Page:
MCINTOSH: I think with Buttigieg, when you look at those numbers, seeing that he's at 0 or 1 percent with black voters --
AVLON: That's a problem.
MCINTOSH: -- that's obviously a no go in the Democratic Party. Those are the base -- that's the base of our party. So unless he can move those numbers at all, it doesn't really matter how high the money can go.
BERMAN: And that's where the movement was. There has been so far, and might be going forward.
Let's see if we can do this one. "Should government health insurance be available to undocumented immigrants?
CAMEROTA: That's an important one.
AVLON: This is an important one.
BERMAN: This is P-114, OK, if we have that. And that says that only 38 percent say yes; 59 percent say no. And why is that important? Well, you remember on the debate stage, when asked, "Should undocumented immigrants get health coverage provided from the government," everyone raised their hand.
[06:10:12] So David Chalian, the poll says that the majority of voters don't want what every candidate on stage there pretty much raised their hands for.
CHALIAN: This is -- this is one of those classic moments in American politics, where you're playing primary politics instead of general election politics. Because John, in that poll number, if you look at it by Democrats, it's the exact opposite. It's 6 in 10 Democrats believe that undocumented immigrants should indeed have health insurance from a government-run program if there was one. So they are raising their hand, because they understand that, in this
moment, it's a popular position to take with the party. But independents and Republicans are obviously vastly opposed to it, which makes the overall general election opposed to it, which means that whoever emerges from that stage as the Democratic nominee who is raising their hand, when that person gets to the general election, I imagine they're going to have to massage that position a little bit.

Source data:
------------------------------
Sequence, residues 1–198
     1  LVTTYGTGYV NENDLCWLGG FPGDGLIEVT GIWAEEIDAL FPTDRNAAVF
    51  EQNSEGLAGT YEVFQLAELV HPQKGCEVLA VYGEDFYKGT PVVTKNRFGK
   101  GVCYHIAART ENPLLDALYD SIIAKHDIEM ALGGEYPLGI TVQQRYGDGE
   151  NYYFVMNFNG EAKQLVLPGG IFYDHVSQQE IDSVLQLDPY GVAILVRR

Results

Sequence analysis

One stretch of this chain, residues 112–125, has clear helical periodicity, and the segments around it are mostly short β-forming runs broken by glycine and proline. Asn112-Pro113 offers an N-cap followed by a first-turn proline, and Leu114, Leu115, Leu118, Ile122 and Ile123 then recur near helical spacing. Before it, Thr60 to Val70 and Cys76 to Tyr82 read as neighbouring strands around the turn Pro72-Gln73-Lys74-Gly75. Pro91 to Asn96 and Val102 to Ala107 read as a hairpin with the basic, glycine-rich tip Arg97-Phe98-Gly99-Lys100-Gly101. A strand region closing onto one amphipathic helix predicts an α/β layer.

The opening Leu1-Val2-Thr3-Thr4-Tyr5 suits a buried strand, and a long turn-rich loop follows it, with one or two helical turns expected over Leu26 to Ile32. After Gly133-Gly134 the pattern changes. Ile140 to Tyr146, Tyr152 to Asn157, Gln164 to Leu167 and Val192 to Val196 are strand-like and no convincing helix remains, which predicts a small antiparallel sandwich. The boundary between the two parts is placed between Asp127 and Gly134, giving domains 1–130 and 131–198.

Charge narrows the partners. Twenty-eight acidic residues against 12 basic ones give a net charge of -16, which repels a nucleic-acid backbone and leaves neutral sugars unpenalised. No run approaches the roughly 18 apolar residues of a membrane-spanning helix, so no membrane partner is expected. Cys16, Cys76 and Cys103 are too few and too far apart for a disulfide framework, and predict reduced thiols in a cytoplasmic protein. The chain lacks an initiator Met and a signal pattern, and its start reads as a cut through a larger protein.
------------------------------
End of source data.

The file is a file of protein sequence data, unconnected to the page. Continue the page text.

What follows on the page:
CAMEROTA: Yes, they're going to have to rethink that position. I mean, that's the cover of "The New York Post," right? That was the cover of "The New York Post." I don't know if you saw it, if you were still here, but where it said, "This is how they lose." Because Americans who are struggling to pay their healthcare bills are like, "Huh? You're going to offer this to undocumented immigrants?"
AVLON: This is a perfect snapshot of the Democrats' greatest danger, which is that this is a much further to the left field than we've seen, even compared to past Democratic fields. And Donald Trump's entire playbook is negative partisanship: they're radical; they're extreme. And if they can get a thin edge of the wedge on issues like that, where the candidates all seem to be saying that they support something that's well out of the mainstream for most Americans, that's a toe hold that Donald Trump thinks he can exploit.
MCINTOSH: If I can point out, if your No. 1 issue is making sure that undocumented immigrants don't get health care, you're voting for Donald Trump. I don't think that the Democratic field needs to be that concerned about that.
CAMEROTA: But what is your -- what if your No. 1 issue is your own healthcare bills? Do you like how they voted?
MCINTOSH: Yes. And I think that there's a lot of time to explain what the programs mean. You can't have a national program for health insurance that leaves millions of people uninsured. We're going to have to pay for that in the emergency room. It's not fair, in terms of spreading diseases, to leave people untreated. Those are logical arguments that don't necessarily work in 30-second sound bites. Luckily, this primary is considerably longer than 30 seconds.
BERMAN: All right. Jess, John, David, stand by. A lot more to talk about with this poll. As we said, I think it provides a road map for some of these candidates to run in the primary and maybe in the general election, as well. So we'll come back to that in just a bit.